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Psychiatry Investig > Volume 16(11); 2019 > Article
Bahn and Hong: Shift from Wicked Stepmother to Stepmother in Eastern and Western Fairy Tales

Abstract

Objective

The image of the wicked stepmother has created a prejudice against stepmothers, which makes it difficult for them to adjust to their stepfamilies. This study compared fairy tales from different cultures to reestablish the nature of stepmothers.

Methods

Grimms’ Fairy Tales (GFT) was used to represent Western culture, with stepmother characters appearing in 15 out of 210 tales. “The Collection of Korean Traditional Fairy Tales” (KFT) was used to represent Eastern culture, with stepmother characters featured in 14 out of 15,107 tales. We examined the relationships between stepmothers and stepchildren in GFT and KFT.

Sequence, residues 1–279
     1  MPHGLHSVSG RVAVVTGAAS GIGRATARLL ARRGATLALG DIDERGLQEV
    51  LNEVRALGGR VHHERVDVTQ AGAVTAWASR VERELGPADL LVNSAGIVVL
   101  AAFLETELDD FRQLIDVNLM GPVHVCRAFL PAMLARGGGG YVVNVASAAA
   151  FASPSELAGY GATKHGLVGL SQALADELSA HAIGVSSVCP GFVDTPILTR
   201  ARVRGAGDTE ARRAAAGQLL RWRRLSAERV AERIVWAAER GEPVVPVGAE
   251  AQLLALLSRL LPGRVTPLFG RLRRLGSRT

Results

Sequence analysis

Results

Daughters were abused more often than sons in both genres. In GFT, jealousy spurred the abuse in 12 of 15 cases, while in KFT greed was predominant in 12 of 14 cases.

Conclusion

The fairy tale portrayals of wicked stepmothers may be associated with the stigma children place on their stepmothers, which needs to be overcome.

INTRODUCTION

Stepparents have found it more difficult to parent their stepchildren than to parent their biological children [1]. Gender stratification perspectives suggest that stepmothers are more likely than stepfathers to experience role conflicts in acting as both a stepparent and a biological parent because they assume more childrearing responsibilities [2]. In addition, in both Eastern and Western cultures, children are exposed to representations of wicked mothers [3]. Therefore, the problems stepmothers’ face can be attributed to difficulties in adjusting to family life and not the stepmothers’ mental problems.